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Comment: Re:Well, here's the solution... (Score 1) 153

by AK Marc (#47709591) Attached to: Netflix CEO On Net Neutrality: Large ISPs Are the Problem

If Netflix is running the backbone and doing the content they are, for all intents and purposes, acting as an ISP.

Why is the "I" in there? If Netflix is doing it, then it's a private network, not unlike an '80s frame relay network (just faster). They aren't providing "Internet". They are providing a video service.

By your logic, a cable TV network (with no data services) is an ISP because they are running a backbone and providing content.

Comment: Re:Well, here's the solution... (Score 2) 153

by AK Marc (#47709229) Attached to: Netflix CEO On Net Neutrality: Large ISPs Are the Problem
Direct point-to-point links have no demands for other content. It's when you buy from an ISP who determines that they will not deliver part of the Internet they don't like. I've bought leased fibre services in many places, and nobdy has ever asked to put their content on it. The users have already paid someone for access to that Netflix stream, but that access provider is trying to extort additional profit from content providers.

Comment: Re:Big Data (Score 4, Insightful) 153

by AK Marc (#47709161) Attached to: Netflix CEO On Net Neutrality: Large ISPs Are the Problem

Netflix does not have to pay ATT/Comcast/Verizon a single dime. All it needs to do is [...] buy proper transit

So they don't need to pay those three, but they must pay someone, for what amounts to transit to themselves. Transit was a concept when a small ISP bought from a large ISP to get the small number of users to The Internet across unequal networks. Peers are when the networks were more even.

It was always from the consumer point of view. Only recently did the concept of charging content for content transit. If my ISP is charging for content transit, I want my rebate/discount. They are getting paid twice for the same thing.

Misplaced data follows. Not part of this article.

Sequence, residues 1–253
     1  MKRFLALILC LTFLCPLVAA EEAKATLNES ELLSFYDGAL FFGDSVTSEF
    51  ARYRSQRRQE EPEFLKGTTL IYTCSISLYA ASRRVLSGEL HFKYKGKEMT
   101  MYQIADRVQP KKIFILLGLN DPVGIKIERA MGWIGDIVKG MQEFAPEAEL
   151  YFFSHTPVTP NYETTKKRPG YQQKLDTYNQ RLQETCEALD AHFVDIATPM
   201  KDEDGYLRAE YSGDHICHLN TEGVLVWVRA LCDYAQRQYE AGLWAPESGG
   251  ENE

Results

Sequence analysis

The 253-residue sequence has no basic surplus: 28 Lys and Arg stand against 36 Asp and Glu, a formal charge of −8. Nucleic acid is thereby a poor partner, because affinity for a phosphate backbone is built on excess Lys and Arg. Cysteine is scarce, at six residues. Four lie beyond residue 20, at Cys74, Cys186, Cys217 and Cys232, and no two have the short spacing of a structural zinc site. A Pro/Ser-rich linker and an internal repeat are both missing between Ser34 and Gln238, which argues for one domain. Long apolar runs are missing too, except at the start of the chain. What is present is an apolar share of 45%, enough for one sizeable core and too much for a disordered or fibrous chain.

Comment: Re:So what (Score 1) 168

by AK Marc (#47709051) Attached to: Processors and the Limits of Physics
async is still synchronous. You would have the region close to the clock input running at C+0. on the other side of the chip, you'd be running with a clock at C+0.9. Where the sections converged, the clocks would also converge. Two related synchornous functions (even off the same clock) are not async just because they are not synchronous.

My words fail me. The operation is clocked. That the clock doesn't happen at the same time everywhere doesn't change the nature of the operation being clocked. And all of them from the same clock.

Also, hard problems often have simple solutions. The clock doesn't propogate across the chip? The send it to all the chip at the same time. Car analogy. Shortest-path headers are inefficient. So you "tune" the headers. How do you do that? You change the path so they are closer to equal distance.

For a chip, a clock cycle that's exactly one cycle late is perfect. So drift is more important to minimize than lag/delay. So run the clock to the middle of the chip, then equal distant traces to multiple pins. The clock will be the same in as many places in the chip as necessary for proper synchronous operation. Even if the clock speed wasn't enough to cover 10% of the chip, it can still be the same +-5% over the whole chip. It'll just take more pins for clock.

Comment: Re:A little naive perhaps? (Score 3, Informative) 153

by Bengie (#47708861) Attached to: Netflix CEO On Net Neutrality: Large ISPs Are the Problem
Netflix's Beast box full of SSDs that can handle 50k customers streaming HD have a peak load of 150watts and takes up 2Us. 20gb of bandwidth for the cost of $20 of electricity per month is not a bad deal. Maybe the ISP would be more happy paying $40k/month of dedicated bandwidth from Level 3.

On the Internet, nobody knows you're a dog. -- Cartoon caption